Elizabeth Taylor at 15 in 1947. Photo by Bob Landry for LIFE
Elizabeth Taylor‘s death last week made me sad, but not for the reasons I expected. I wasn’t sad for her; by all accounts, she lived a long and fulfilling life, brought joy to millions through her movies, and did enormous good through her philanthropy and activism. Rather the sadness came from the sense, as it did when her friend Michael Jackson died, that a more blissful era had passed.
The day Taylor died, I began working on a project for LIFE, captioning photos for an upcoming book commemorating the photojournalism magazine’s 75th anniversary. Poring through LIFE‘s archives, I was reminded again what a repository of our shared cultural memory it has been. So many familiar images — the sailor and nurse kissing in Times Square on V-J Day, Jackie Robinson stealing home, the Beatles frolicking in a swimming pool during their first visit to America, a naked Vietnamese girl running down the road, a student at Kent State screaming over the body of a classmate killed by National Guardsmen, the Zapruder film — all of them encoded in our DNA and burned into our retinas as if they had happened to us, even if we’re too young to have been there.
There were Hollywood pictures, too, of Marilyn Monroe in thoughtful repose, James Dean walking down a rainy street, and many pictures of Taylor, including the one at the top of this post, taken in 1947, when she was just 15 but already impossibly beautiful, already a star, yet with a lifetime of tumult and triumph and endless scrutiny still ahead, about to crash over her like an ocean wave. Who could have imagined it? And yet, she looks prepared and unafraid. Continue reading
Mark Twain (Library of Congress No. LC-USZ62-5513)
Your elites don’t trust you. They don’t trust you to be able to read certain historical or literary documents, listen to TV and radio pundits, or even look at certain billboards and posters without getting the wrong ideas and letting them poison your mind to the extent that you turn to violence.
We’ve seen that a lot this month, with censorship efforts against a broad spectrum of source material, from Huckleberry Finn to the U.S. Constitution to Sarah Palin’s website, in the wake of the Tucson shootings. Continue reading
The future isn’t what it used to be, said Yogi Berra. It’s certainly not, now that I’m its beat reporter. All this week, through June 12, I’m guest editor/blogger at io9, Gawker Media’s sci-fi/pop futurism blog. Whether or not you’re a sci-fi fan, please stop by, geek out, and have fun.
Photo by John McNab at Flickr, licensed via Creative Commons
John Updike’s death yesterday has spawned numerous tributes bemoaning the void he leaves on the literary landscape. I will not add to those, save to note that what I think we are all really mourning is a kind of literary life, of which Updike may have been the last great practitioner. There used to be a time in American letters (or so it seems in retrospect) when a writer could flow easily between novels, short story collections, nonfiction books, and magazine articles. Or maybe only Updike himself could manage that juggling act. For the past half century, Updike’s prodigious output included roughly a book a year and articles and short stories for many magazines, including 800 bylines in the New Yorker. While he’ll be best remembered for his novels of suburban ennui and adultery, he stretched easily to other topics, from baseball to fine art, from witchcraft to third-world politics.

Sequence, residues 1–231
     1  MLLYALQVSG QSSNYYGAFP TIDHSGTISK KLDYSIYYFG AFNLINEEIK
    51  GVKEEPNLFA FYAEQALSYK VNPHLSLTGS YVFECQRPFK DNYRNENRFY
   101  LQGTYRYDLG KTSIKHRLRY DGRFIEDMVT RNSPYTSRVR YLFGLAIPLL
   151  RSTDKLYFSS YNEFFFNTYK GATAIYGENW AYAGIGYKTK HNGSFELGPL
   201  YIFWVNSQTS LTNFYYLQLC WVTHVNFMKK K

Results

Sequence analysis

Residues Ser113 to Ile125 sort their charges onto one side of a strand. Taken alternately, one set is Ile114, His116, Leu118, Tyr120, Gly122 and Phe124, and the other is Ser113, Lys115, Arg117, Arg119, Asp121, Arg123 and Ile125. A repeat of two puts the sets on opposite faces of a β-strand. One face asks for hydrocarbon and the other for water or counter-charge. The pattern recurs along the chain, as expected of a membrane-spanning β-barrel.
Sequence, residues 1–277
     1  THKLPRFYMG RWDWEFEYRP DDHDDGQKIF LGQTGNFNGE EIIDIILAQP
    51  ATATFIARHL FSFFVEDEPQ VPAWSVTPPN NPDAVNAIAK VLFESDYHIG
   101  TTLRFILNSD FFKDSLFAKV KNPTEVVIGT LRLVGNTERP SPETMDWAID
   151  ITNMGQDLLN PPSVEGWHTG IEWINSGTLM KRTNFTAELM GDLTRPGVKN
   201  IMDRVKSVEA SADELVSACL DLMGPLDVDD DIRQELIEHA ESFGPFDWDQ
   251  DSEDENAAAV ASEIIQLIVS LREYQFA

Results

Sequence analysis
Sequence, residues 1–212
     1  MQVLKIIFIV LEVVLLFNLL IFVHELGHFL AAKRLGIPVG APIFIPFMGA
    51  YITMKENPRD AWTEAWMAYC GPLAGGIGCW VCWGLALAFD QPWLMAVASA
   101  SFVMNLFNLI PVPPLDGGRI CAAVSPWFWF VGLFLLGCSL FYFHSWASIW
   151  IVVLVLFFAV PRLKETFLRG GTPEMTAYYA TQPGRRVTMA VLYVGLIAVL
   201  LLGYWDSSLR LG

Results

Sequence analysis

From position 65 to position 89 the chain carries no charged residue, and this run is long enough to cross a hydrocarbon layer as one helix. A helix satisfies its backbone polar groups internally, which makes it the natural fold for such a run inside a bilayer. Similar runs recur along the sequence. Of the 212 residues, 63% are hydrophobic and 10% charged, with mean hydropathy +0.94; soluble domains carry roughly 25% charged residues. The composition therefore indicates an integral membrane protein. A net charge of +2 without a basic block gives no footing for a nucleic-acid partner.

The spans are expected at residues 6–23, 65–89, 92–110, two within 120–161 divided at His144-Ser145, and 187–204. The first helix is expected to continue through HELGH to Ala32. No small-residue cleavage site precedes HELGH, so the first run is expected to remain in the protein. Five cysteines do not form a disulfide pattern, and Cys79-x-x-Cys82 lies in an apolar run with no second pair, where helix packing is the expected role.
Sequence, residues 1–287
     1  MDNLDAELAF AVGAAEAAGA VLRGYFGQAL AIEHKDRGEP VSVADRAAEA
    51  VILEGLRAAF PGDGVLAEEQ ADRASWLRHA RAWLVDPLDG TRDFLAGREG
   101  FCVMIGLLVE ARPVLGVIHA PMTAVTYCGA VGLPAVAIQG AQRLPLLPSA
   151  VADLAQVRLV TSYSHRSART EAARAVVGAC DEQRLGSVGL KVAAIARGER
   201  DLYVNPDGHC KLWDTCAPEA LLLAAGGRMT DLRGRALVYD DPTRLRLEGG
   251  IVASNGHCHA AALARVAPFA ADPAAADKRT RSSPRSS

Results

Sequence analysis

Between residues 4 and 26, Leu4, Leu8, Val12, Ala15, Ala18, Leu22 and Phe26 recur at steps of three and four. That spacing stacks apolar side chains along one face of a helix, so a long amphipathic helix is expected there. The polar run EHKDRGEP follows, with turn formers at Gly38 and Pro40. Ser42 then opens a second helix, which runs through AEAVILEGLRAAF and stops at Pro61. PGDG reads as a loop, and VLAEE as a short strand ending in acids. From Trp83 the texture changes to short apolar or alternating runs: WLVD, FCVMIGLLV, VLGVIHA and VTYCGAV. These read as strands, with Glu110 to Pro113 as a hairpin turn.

Along the way, he attracted criticism (some deserved) that he had no business, as a WASPy Harvard alumnus, to appropriate the narratives of characters from backgrounds distant from his own. His imagination may occasionally have failed him, but as an artist, he certainly had the right to try. Literature is about empathy, and like Terence, Updike found nothing human was alien to him.
All art is political. To make art is to remake the world, either as you envision the world to be, as you wish it to be, or as you wish it not to be — so making art is always a political act. The artist’s political statement may not be intentional or even conscious, but nonetheless, by making art, he or she is initiating a political conversation. And by interacting with and interpreting the art, the viewer is adding to the political conversation. That’s why the discourse over culture — between artist and viewer, between artist and critic and viewer, or among artists or critics or viewers — is so important to me.
How we talk to each other about culture — which ususally means, how we talk to each other about popular culture — is how we talk to each other about the world we live in, or the world we would like to live in. At this time of hyperpartisanship, we have few other ways of talking about such matters in a way that gives us all common ground. We can barely speak to each other directly about issues of criminal justice or torture or authoritarianism, but we can all talk about The Dark Knight, thereby addressing these issues without throttling each other.
This blog will explore the intersection of politics and popular culture. This crossroads has always fascinated me, but it also seems to be of interest to many at a moment when conservatives gripe about positive portrayal of Barack Obama in a Spider-Man comic book, or when Tina Fey’s lampooning of Sarah Palin may have helped decide the election. I’ll be writing about what our popular culture is really saying about us (however unwittingly), how partisans read (or misread) the culture and try to use it to their own ends, and how, in this age of niche politics and niche pop culture, we may yet find a measure of unity through the movies, TV shows, music, and books that speak to us of the world that is and the world that could be.